## Abstract

We propose a multi-stage calibration method for increasing the overall accuracy of a large-scale structured light system by leveraging the conventional stereo calibration approach using a pinhole model. We first calibrate the intrinsic parameters at a near distance and then the extrinsic parameters with a low-cost large-calibration target at the designed measurement distance. Finally, we estimate pixel-wise errors from standard stereo 3D reconstructions and determine the pixel-wise phase-to-coordinate relationships using low-order polynomials. The calibrated pixel-wise polynomial functions can be used for 3D reconstruction for a given pixel phase value. We experimentally demonstrated that our proposed method achieves high accuracy for a large volume: sub-millimeter within 1200(*H*) × 800 (*V*) × 1000(*D*) mm^{3}.

© 2021 Optical Society of America under the terms of the OSA Open Access Publishing Agreement

## 1. Introduction

The difficulty and costs of manufacturing large calibration targets and ensuring their metrological dimensions prevent most calibration methods from being implemented for large scale 3D metrology. However, recent works have shown that a camera or a camera-projector structured light setup can be accurately calibrated in close range with a small calibration target while being focused at a far distance [1–3]. Nevertheless, even in this case, the lens distortions are not perfectly modeled for both devices, especially for the projector [4,5], which results in residual systematic errors that impact the overall accuracy of the 3D imaging system.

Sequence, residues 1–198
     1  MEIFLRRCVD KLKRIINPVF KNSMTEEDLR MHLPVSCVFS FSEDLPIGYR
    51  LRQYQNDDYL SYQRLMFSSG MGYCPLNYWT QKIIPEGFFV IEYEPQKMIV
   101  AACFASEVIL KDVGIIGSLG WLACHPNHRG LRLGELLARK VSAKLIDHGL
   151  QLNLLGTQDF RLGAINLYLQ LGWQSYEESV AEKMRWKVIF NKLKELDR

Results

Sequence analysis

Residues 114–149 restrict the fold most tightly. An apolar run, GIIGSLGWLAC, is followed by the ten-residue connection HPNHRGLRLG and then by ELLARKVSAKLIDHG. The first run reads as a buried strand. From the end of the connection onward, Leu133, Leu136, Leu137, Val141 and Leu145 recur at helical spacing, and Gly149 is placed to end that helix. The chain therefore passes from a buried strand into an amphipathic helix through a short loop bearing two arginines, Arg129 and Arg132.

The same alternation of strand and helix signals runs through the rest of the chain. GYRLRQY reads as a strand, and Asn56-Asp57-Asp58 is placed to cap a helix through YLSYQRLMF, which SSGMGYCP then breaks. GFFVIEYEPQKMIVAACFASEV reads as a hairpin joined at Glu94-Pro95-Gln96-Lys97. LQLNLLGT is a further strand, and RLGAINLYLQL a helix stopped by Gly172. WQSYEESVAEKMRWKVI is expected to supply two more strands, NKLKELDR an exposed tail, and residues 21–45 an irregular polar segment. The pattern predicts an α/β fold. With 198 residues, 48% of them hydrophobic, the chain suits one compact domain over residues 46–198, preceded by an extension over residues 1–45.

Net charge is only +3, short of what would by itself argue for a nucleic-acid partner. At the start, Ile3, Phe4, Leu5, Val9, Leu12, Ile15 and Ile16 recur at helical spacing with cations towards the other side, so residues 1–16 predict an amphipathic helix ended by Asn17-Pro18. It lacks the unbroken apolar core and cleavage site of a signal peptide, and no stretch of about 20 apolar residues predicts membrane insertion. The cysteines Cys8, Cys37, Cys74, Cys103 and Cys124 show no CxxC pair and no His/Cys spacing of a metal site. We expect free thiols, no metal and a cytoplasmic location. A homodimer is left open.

To overcome the limitation of conventional calibration approaches, several authors [6,7] proposed the phase to coordinate mapping (PCM) method that relates the 3D coordinates from a calibration target to the recovered absolute phase. Though working, such an approach implies that the calibration target is precisely positioned in space, making it cumbersome to be implemented in general and even more difficult to be translated to large scale structured light system calibration.

High accuracy large scale 3D measurements have always been a major concern in the industry [8]. However, the typical measurement setup often requires multiple sensors arranged in a multi-view approach [9], robotic arms to perform accurate partial scans that are later stitched together in software [10], or sophisticated calibration devices [11]. Not only is this approach cumbersome and slow, but it increases the overall costs.

Recent developments have shown that there are alternatives to conventional and costly approaches. For example, An et al., [3] proposed a large-range structured light system calibration method with decoupled intrinsic and extrinsic parameter estimation. For such a method, the extrinsic parameter estimation required an auxiliary low-resolution 3D sensor. Furthermore, the calibration accuracy is limited due to the use of the standard pinhole lens model. Wang et al., [12] used a virtual camera to enlarge the FOV without requiring a large calibration target. Although the method is technically sound, it requires precise positioning of a flat mirror between the object and the camera. Other alternatives include methods like the one by Liu et al., [13] which uses bundle adjustment to refine calibration parameters, Yang et al., [4] and Lv et al., [5] which use a planar target to compensate projector residual distortion. Along the same line, Yu et al., [14] and Xing and Guo [15] proposed calibration refinement schemes that aim at estimating more precisely conventional calibration parameters. However, all these methods have all been evaluated only for small scales or require costly calibration targets. More recently, Vargas et al., [16] proposed a hybrid approach to improve the performance of the standard calibration method developed by Zhang and Huang [17]. Such a method was only demonstrated successful for small-scale structured light system calibration.